The first known Texas case of the COVID-19 B.1.1.529 variant has been identified in a resident of Harris County. The adult female resident was recently diagnosed with COVID-19. Results of genetic sequencing this week showed that the infection was caused by the Omicron variant strain. The case is being investigated by Harris County Public Health and the Texas Department of State Health Services.
“It’s normal for viruses to mutate, and given how quickly Omicron spread in southern Africa, we’re not surprised that it showed up here,” said Dr. John Hellerstedt, DSHS commissioner. “Getting vaccinated and continuing to use prevention strategies, including wearing a mask when you are around people you don’t live with, social distancing, handwashing and getting tested when you have symptoms, will help slow the spread of the virus and help end the pandemic.”
The B.1.1.529 variant was identified in South Africa last month and appears to spread more easily from person to person than most strains of the coronavirus. Currently, it is unclear if the Omicron variant is associated with more severe disease. Studies have commenced to determine how effective vaccines are expected to be against infection. However, vaccination is expected to continue to offer protection against hospitalization and death. Omicron is thought to be responsible for a small proportion of the current COVID-19 cases in Texas and the United States.
Vaccination remains the best protection against serious illness and death from COVID-19 the DSHS report states. Everyone 5 years and older is eligible for vaccination, and everyone 18 years and older should get a booster shot when they are eligible. The latest on COVID-19 in Texas is available at dshs.texas.gov/coronavirus, including daily case data and information on testing and vaccination.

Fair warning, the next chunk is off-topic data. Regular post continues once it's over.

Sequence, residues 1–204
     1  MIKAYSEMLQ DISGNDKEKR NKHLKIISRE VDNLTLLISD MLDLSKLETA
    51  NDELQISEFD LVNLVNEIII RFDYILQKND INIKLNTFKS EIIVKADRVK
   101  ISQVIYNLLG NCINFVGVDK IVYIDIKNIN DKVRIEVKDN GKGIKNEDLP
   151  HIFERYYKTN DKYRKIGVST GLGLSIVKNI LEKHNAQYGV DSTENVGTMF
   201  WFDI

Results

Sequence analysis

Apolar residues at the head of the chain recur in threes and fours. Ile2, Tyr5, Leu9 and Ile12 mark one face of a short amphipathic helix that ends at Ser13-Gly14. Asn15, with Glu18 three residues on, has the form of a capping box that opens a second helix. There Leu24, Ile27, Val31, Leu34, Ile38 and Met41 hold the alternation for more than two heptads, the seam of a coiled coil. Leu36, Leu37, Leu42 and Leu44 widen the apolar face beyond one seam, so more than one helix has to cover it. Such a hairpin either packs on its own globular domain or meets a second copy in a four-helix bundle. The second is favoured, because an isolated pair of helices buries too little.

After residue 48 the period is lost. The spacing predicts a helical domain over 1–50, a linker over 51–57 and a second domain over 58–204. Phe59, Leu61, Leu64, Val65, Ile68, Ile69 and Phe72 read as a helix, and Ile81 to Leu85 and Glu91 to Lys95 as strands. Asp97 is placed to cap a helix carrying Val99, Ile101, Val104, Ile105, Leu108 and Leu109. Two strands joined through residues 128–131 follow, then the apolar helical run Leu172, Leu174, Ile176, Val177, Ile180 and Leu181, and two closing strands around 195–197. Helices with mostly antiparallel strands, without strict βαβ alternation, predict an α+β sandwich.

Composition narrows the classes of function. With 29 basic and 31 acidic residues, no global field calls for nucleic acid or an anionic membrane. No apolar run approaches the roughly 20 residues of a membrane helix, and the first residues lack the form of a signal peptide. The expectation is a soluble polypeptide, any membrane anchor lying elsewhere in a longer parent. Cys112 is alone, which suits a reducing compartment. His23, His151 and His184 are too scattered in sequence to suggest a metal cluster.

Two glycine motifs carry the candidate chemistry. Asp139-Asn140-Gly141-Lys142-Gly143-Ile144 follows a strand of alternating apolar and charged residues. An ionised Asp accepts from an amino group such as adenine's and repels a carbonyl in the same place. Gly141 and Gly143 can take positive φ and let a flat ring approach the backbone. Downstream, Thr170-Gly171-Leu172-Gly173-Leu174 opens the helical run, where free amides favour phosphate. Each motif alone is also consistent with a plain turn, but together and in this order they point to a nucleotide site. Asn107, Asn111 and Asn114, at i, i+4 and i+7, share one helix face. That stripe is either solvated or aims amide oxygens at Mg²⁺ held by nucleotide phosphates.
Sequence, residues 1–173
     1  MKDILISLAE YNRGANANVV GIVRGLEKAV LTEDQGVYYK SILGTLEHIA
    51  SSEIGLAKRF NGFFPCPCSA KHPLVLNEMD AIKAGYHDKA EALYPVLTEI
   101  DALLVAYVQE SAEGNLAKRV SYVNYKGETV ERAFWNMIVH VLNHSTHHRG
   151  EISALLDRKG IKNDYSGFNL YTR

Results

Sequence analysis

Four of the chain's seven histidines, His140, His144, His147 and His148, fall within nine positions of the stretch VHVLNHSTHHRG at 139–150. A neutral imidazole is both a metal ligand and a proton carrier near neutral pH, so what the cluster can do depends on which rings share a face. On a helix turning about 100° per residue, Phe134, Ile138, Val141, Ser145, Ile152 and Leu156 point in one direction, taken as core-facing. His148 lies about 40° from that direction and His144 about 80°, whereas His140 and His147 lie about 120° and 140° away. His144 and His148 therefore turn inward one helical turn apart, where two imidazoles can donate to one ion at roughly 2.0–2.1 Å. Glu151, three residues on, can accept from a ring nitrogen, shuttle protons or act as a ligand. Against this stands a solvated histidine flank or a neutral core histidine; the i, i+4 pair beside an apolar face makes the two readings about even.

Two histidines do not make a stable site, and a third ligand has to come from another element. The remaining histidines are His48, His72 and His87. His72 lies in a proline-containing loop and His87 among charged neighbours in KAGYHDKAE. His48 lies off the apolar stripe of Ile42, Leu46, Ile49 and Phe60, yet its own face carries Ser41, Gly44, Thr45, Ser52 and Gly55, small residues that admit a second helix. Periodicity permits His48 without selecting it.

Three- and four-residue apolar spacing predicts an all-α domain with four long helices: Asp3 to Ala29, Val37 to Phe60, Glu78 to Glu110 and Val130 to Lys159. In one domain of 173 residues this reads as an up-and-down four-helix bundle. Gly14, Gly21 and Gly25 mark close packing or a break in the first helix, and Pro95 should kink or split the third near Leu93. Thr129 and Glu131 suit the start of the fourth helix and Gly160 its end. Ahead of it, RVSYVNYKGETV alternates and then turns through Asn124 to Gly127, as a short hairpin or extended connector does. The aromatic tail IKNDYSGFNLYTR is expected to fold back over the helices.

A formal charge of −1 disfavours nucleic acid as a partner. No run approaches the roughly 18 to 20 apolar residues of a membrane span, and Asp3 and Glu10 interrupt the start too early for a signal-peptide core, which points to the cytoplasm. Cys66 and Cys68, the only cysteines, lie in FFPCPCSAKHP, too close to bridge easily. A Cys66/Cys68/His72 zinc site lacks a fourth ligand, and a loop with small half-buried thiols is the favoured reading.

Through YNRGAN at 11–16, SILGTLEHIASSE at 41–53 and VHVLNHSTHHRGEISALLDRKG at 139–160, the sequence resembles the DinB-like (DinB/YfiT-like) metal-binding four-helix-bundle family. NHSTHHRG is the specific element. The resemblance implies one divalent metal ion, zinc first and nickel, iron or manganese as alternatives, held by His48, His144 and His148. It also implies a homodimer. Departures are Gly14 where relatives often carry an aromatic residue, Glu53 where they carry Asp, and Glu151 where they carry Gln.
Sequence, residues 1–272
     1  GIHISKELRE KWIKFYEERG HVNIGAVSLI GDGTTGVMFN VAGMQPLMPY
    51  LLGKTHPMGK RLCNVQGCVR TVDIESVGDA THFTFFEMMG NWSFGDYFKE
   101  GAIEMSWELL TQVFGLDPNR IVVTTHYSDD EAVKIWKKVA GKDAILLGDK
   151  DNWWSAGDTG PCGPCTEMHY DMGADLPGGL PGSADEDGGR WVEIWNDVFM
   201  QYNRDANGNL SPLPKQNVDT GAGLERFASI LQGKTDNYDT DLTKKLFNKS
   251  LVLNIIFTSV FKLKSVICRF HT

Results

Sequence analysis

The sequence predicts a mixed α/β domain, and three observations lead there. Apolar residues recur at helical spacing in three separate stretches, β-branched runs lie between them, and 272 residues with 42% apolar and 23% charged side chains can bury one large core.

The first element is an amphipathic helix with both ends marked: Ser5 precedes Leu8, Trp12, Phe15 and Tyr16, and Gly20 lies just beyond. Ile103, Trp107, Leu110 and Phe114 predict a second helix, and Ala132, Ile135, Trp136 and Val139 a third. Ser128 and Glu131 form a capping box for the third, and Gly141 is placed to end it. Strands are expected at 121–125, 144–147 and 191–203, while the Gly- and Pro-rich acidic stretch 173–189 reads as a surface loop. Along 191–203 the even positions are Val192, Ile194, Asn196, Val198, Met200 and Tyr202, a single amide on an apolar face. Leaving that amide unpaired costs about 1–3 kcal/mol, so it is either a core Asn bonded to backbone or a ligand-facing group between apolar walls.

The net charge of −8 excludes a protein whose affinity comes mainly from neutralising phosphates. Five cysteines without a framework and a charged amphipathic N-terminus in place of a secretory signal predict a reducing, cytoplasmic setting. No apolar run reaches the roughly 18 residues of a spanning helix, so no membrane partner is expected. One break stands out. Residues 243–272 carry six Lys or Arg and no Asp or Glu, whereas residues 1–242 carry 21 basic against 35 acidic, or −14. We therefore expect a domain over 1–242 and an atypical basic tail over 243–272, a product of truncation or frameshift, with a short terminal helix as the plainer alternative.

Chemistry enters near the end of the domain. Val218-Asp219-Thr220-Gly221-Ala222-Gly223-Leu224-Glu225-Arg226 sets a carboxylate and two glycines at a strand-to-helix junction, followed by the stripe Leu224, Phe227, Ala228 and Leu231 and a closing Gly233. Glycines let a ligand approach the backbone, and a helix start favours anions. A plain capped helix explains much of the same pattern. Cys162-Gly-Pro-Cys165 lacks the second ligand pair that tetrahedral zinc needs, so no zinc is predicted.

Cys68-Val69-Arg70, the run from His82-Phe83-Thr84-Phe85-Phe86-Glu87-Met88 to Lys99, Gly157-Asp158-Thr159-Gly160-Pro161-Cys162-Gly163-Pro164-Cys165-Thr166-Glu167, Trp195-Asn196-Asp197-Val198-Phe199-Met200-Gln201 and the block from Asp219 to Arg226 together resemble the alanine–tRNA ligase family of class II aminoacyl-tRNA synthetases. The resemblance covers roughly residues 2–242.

Most local pharmacies offer COVID-19 vaccinations and booster shots, for eligible individuals; contact your pharmacist for additional information.
CHRISTUS Mother Frances Hospital – Sulphur Springs offers a COVID Vaccine Clinic every Friday morning from 9 a.m. to 12 p.m. in the main lobby of the hospital until further notice, with the exception of Christmas Eve (Dec. 24) and New Year’s Eve (Dec. 31). The available vaccines include Moderna (2-doses, ages 18 and older) and Pfizer (2-doses, ages 12 and older) and Johnson & Johnson (1-dose, ages 18 and older). This includes all three brands of boosters for fully vaccinated people. Appointments are not required, but a parent or guardian must accompany anyone 17 and younger.